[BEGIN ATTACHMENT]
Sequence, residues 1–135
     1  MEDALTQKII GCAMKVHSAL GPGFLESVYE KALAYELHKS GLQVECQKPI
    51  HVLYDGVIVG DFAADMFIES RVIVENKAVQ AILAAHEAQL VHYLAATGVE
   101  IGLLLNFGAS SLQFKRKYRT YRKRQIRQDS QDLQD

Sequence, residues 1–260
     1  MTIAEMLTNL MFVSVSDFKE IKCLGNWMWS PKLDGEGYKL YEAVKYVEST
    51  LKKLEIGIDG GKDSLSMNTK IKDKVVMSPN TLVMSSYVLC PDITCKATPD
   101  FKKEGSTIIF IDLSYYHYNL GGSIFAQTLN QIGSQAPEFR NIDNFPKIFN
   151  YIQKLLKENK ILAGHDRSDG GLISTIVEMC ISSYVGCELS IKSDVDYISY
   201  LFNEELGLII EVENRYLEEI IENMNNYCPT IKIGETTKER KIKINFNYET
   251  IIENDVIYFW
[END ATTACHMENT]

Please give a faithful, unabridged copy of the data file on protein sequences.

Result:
Sequence, residues 1–135
     1  MEDALTQKII GCAMKVHSAL GPGFLESVYE KALAYELHKS GLQVECQKPI
    51  HVLYDGVIVG DFAADMFIES RVIVENKAVQ AILAAHEAQL VHYLAATGVE
   101  IGLLLNFGAS SLQFKRKYRT YRKRQIRQDS QDLQD

Sequence, residues 1–260
     1  MTIAEMLTNL MFVSVSDFKE IKCLGNWMWS PKLDGEGYKL YEAVKYVEST
    51  LKKLEIGIDG GKDSLSMNTK IKDKVVMSPN TLVMSSYVLC PDITCKATPD
   101  FKKEGSTIIF IDLSYYHYNL GGSIFAQTLN QIGSQAPEFR NIDNFPKIFN
   151  YIQKLLKENK ILAGHDRSDG GLISTIVEMC ISSYVGCELS IKSDVDYISY
   201  LFNEELGLII EVENRYLEEI IENMNNYCPT IKIGETTKER KIKINFNYET
   251  IIENDVIYFW